Our number one recommendation is to call a wildlife control expert to assist you with bat removal. You don’t want to get in trouble with the federal law as it protects certain bat species.

It’s also not advisable to light a fire or smoke a bat out of your chimney. With the help of a wildlife expert, you can save yourself all the trouble, and the bats will fly out the right way.

7. Use Bat Exclusion Devices in Your Chimney

Lastly, if you’ve tried all of the above and are still struggling with bats in your home, you may need to use bat exclusion techniques.

This includes using a net or mesh that covers the opening of your chimney and prevents bats from getting in. It’s important to note that using a bat exclusion device will require professional installation.

How Much Does It Cost to Have a Bat Removed From a Chimney?

The average cost to get rid of bats from a chimney is about $400 – $600. This cost depends on several factors, including:

  • The size and height of your chimney
  • The number and species of bats you need to be removed

Overall, the following table can give you a clear overview of how much it takes to remove bats from your chimney based on several factors.

Cost of Bat Removal by Location

LocationCost of Removal
Porch, Soffit, and TreesThis can cost from $50 – $80
Walls, Attic, Basement, Chimney, and BarnAverage cost is $400 – $600

Cost of Bat Removal by Project

Project RangeCost of Removal
Low-cost bat removal services$275
Average removal services$500
High-end removal services$8,500

Cost of Bat Removal by Colony Size

Bat Colony SizeCost of Removal
Single BatThis can range from $90 – $275
Small ColonyCosts from $150 – $300
Medium ColonyFrom $405 – $600
Large ColonyThis can cost from $1,000 – $8,000 or higher

Why You Should Consider Professional Bat Removal?

Yes. Professional bat removal is the best way to handle bats in your home. Bats can be a major nuisance and health hazard when they invade your home. If you are dealing with bats, it is best to call a professional bat removal service.

These services have the experience and equipment necessary to safely remove bats from your home.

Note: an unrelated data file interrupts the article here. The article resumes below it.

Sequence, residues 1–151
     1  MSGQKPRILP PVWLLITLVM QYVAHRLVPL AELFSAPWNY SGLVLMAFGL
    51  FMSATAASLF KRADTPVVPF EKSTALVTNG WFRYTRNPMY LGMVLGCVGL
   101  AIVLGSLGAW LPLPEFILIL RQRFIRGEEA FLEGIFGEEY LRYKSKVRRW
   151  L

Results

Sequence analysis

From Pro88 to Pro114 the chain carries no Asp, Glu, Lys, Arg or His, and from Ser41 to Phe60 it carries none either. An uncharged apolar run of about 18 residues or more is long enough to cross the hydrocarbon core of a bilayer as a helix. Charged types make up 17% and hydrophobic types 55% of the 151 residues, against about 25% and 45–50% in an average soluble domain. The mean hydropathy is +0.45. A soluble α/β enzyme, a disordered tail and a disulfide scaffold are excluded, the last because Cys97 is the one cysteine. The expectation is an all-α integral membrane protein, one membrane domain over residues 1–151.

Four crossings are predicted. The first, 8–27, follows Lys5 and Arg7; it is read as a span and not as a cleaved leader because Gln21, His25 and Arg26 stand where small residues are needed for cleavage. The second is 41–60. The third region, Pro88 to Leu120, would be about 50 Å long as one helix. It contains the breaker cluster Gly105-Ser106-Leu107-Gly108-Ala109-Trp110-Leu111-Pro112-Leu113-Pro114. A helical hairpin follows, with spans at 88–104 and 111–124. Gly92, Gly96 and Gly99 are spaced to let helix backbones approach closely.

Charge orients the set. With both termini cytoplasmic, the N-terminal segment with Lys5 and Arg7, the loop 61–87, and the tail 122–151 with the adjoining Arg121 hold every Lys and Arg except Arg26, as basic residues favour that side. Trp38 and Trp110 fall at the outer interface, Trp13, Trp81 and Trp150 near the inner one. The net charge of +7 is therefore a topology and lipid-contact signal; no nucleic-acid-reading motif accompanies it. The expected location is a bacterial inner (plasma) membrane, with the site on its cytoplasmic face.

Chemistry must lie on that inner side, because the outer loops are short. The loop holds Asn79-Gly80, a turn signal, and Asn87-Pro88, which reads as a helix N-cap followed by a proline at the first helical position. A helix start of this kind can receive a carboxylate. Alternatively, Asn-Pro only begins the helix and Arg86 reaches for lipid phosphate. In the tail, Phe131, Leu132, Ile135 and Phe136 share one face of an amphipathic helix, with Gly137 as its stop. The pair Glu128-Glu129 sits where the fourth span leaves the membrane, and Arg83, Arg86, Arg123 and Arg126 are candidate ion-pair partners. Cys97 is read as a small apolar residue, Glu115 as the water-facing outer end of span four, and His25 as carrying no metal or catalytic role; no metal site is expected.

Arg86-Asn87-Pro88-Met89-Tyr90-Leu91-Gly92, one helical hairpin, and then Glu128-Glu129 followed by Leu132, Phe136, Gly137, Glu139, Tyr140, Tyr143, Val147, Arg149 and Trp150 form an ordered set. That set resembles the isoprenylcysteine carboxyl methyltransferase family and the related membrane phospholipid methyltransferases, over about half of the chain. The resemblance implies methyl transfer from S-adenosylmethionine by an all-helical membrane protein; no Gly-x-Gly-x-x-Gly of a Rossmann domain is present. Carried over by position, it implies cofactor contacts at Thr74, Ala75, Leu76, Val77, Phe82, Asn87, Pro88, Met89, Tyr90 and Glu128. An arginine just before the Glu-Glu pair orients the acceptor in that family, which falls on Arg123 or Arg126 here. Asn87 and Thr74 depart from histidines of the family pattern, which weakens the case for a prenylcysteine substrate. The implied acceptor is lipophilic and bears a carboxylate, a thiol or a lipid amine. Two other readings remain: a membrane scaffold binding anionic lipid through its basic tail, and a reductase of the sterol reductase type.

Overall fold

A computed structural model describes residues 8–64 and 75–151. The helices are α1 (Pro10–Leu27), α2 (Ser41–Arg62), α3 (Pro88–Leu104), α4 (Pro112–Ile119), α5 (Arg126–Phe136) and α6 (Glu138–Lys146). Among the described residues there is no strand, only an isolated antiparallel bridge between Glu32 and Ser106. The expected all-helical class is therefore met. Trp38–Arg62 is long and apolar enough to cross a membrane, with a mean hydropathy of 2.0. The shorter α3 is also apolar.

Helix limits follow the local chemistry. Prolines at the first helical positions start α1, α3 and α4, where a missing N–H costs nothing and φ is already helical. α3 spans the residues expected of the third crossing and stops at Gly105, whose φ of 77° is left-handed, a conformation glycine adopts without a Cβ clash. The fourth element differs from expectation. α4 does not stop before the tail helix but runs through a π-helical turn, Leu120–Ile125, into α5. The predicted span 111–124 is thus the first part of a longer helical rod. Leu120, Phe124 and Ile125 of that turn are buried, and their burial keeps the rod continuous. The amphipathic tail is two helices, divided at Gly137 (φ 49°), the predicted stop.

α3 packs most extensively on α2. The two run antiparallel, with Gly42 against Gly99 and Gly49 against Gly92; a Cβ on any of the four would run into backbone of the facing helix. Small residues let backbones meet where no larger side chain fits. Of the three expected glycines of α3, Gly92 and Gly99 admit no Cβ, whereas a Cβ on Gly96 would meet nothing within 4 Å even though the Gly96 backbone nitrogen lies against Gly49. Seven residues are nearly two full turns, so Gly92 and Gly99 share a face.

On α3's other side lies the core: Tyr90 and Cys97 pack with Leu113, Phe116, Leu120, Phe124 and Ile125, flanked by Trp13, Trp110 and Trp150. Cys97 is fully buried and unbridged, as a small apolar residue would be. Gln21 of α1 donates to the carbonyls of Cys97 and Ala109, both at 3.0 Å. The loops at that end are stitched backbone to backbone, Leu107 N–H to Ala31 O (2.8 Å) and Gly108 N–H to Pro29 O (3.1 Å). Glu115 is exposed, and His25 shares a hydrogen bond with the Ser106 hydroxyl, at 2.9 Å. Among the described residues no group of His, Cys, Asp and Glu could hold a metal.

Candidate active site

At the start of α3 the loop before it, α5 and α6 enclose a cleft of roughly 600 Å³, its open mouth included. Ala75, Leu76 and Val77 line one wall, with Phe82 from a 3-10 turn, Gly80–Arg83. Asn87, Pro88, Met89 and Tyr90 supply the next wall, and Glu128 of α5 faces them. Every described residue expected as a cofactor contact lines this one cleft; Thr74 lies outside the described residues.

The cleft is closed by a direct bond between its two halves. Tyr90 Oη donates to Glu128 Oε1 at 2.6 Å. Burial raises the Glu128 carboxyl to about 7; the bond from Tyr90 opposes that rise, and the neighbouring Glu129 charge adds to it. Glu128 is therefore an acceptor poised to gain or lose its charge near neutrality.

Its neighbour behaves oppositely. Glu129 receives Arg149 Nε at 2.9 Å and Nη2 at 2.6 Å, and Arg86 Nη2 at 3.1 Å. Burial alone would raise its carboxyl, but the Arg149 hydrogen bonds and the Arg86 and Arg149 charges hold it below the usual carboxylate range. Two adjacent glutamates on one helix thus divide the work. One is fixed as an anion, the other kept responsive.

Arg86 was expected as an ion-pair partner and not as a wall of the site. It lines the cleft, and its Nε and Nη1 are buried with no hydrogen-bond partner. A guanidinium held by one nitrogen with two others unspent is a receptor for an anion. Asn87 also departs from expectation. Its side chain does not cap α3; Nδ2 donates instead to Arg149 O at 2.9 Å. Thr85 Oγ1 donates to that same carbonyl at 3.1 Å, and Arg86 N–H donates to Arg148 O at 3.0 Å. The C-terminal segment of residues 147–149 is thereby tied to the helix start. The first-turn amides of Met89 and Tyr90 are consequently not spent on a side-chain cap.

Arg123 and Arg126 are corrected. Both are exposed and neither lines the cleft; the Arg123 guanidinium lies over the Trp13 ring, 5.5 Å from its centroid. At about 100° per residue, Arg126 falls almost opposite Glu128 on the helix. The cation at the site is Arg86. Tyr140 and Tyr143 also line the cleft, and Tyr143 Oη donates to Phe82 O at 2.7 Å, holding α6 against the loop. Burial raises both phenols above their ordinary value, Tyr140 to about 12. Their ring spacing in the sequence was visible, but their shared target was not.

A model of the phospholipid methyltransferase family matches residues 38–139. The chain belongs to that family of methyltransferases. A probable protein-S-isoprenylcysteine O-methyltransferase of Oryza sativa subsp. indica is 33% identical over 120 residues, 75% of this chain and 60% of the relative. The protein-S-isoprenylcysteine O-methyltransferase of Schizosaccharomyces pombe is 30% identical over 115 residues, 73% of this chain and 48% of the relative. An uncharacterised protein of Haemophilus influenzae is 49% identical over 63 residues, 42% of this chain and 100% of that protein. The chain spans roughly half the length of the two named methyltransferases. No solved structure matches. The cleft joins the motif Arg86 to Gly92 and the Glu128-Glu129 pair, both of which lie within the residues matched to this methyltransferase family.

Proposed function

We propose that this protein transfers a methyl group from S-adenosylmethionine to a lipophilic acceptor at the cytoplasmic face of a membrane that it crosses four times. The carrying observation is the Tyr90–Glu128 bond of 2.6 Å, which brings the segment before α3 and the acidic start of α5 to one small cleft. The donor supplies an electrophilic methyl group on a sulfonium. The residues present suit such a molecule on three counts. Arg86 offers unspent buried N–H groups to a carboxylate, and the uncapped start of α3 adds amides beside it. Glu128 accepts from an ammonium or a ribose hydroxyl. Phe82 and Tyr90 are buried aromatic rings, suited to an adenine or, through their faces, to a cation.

There are several reasons why you should consider professional bat removal.

1. The Federal Law Protects Bats

First, it is important to remember that federal law protects certain bat species. You cannot just go out and capture them or kill them. In addition, bats can be tricky to catch. If you do not know what you are doing, you may get hurt.

2. Bats Can be Dangerous to Handle

Another thing to remember is that bats can be dangerous. They may carry rabies or other diseases, so it is important to take precautions if you will be handling them.

If you are not comfortable removing bats yourself, it is best to leave it to the professionals. This means you should carefully weigh the pros and cons.


By following the tips above, you can identify whether or not you have bats in your chimney and take the necessary steps to remove them.

Remember, it is important to take precautions if you will be handling bats, as they may carry rabies or other diseases. If you are not comfortable removing bats yourself, it is best to leave it to the professionals.

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Thomas Green

Thomas has worked in the Chimney & Fireplace field for over 12 years. He is an expert in his trade and loves to help People with their needs. Thomas Write helpful articles so that homeowners can make the most informed decisions about their fireplace and chimney.